Week 1: September 1, 2010

| September 1, 2010

Summary: In this week’s class, we discussed how we will be exploring different approaches to exploring theoretical constructs of music through implementing creativity, improvisation, composition. Some ideas about what else the class would consist of included: “the many ways in which we are musical/express ourselves through music,” “keeping in mind creativity at all times throughout the development of all musical skills,” “understanding music through different vehicles (e.g., experiential),” “diving deeper into theory and aural skills,” and “experiencing music in all ways.”

Dr. Pogonowski posed the question “What was music like before we acquired notation? What was it used for?” Here are some of the responses: “community building”, “prayer/religious services (music primarily came from the church),” to “pass time at work,” “rituals,” “patriotic reasons,” and “passing along of stories/information.”

Listening: We listened to “Ava Maria Stella” by the Paul Winter Consort. The very beginning was described as “instrumental chant,” “a single melodic line,” an “introductory statement,” and “rising and falling.” We then listened to the whole piece and came up with the following descriptions: “variations on the initial chant,” a “building up of intensity, almost like racing towards finding a resolution (or not),” “almost Stravinsky-like, with many different timbres & many conversations conveying different arguments or emotions,” “dramatic contrasts, “very rhythmically appealing,” “very referential of different styles and time periods,” “stable versus unstable/coming apart and coming together.”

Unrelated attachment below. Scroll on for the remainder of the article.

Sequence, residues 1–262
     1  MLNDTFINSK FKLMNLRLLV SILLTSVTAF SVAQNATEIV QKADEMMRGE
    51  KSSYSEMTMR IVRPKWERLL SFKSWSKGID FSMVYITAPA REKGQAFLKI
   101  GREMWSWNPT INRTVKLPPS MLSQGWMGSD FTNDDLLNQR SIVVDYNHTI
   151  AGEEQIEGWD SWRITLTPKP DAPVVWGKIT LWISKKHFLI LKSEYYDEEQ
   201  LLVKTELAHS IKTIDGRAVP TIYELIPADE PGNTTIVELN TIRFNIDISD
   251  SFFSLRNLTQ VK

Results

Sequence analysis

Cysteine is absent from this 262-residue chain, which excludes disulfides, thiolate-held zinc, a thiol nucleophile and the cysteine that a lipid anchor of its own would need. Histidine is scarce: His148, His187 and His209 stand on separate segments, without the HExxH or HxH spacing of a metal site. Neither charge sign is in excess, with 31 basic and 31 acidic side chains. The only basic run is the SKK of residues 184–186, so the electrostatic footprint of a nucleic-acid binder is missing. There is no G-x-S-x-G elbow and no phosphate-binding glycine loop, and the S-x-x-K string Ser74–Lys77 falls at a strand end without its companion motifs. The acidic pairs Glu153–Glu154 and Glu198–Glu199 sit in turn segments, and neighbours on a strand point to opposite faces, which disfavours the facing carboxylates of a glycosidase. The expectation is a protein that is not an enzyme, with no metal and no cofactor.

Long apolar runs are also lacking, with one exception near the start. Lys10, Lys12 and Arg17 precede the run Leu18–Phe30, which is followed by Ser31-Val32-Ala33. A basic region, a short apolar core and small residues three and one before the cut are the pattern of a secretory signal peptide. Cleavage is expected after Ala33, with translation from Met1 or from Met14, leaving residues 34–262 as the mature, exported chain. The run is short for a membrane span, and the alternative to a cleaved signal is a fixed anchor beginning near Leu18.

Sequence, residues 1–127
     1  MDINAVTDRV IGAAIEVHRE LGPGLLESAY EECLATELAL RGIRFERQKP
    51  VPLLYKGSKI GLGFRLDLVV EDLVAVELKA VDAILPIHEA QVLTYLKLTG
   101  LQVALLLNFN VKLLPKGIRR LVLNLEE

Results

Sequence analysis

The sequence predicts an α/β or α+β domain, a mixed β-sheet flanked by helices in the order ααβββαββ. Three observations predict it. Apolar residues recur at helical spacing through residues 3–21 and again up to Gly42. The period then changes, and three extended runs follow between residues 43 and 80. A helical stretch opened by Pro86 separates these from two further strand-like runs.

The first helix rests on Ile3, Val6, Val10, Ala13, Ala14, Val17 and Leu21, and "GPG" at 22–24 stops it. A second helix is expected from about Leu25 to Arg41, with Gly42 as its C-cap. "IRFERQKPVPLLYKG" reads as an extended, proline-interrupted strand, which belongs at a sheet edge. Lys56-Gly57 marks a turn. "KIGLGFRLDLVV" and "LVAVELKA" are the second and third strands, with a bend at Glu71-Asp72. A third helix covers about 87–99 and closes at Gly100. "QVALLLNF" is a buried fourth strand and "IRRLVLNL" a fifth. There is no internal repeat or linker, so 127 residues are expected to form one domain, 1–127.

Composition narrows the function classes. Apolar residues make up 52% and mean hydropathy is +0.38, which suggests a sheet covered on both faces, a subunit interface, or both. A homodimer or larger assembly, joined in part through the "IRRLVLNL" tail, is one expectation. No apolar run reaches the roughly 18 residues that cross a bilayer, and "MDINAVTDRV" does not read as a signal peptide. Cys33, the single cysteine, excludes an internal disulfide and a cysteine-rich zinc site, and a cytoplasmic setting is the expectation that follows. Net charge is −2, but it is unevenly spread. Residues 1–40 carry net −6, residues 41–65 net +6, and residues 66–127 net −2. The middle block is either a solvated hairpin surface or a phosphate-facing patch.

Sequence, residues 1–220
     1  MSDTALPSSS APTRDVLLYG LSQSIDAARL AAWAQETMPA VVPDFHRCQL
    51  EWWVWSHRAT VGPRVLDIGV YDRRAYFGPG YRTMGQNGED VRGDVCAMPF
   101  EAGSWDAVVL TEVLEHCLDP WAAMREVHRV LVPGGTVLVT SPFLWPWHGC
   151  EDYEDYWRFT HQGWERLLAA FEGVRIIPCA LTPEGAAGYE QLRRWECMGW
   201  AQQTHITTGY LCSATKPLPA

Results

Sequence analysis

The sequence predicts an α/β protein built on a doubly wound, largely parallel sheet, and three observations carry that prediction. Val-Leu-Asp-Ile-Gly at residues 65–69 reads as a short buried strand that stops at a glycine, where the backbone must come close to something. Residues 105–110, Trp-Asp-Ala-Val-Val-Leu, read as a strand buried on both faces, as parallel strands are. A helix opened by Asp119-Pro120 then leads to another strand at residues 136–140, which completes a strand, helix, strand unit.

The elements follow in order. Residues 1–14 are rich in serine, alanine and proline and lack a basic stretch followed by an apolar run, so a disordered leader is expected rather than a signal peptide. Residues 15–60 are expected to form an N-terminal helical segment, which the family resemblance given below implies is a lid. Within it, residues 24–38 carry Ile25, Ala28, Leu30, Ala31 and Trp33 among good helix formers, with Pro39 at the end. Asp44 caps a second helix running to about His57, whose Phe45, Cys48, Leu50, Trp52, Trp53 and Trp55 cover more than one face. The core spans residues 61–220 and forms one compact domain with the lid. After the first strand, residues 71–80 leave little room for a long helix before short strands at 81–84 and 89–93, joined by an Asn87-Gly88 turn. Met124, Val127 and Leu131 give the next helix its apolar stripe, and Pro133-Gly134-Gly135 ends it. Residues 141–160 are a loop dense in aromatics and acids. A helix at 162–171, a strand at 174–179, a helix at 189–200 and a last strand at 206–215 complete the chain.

To listen to this file, navigate to MyTC, then go to the class portal. Click on “Files” under “Comprehensive Musicianship” and the file is available for download under “Collaborative Files.” Please let me know if you have trouble accessing it.

1) Bring portable instruments to class.
2) Mind Teaser: Consider the 6th, 7th, and 9th partials of the harmonic series based on the fundamental “C.” Arrange them vertically to form a chord in root position. Identify Ecclesiastical mode that could be built on the fifth of this chord without transposing. (most important)
3) Listen to a minimum of twelve Gregorian Chants. Identify generalizations you can make about range, tessitura, voice-leading and cadences based upon your listening. Be aware of how text is set– syllabically, neumatically and melismatically.
4) Look up the Latin derivation of your name.

Discussion Question: What else did you hear in “Ave Maria Stella” besides what was already discussed in class? Any additional reflections?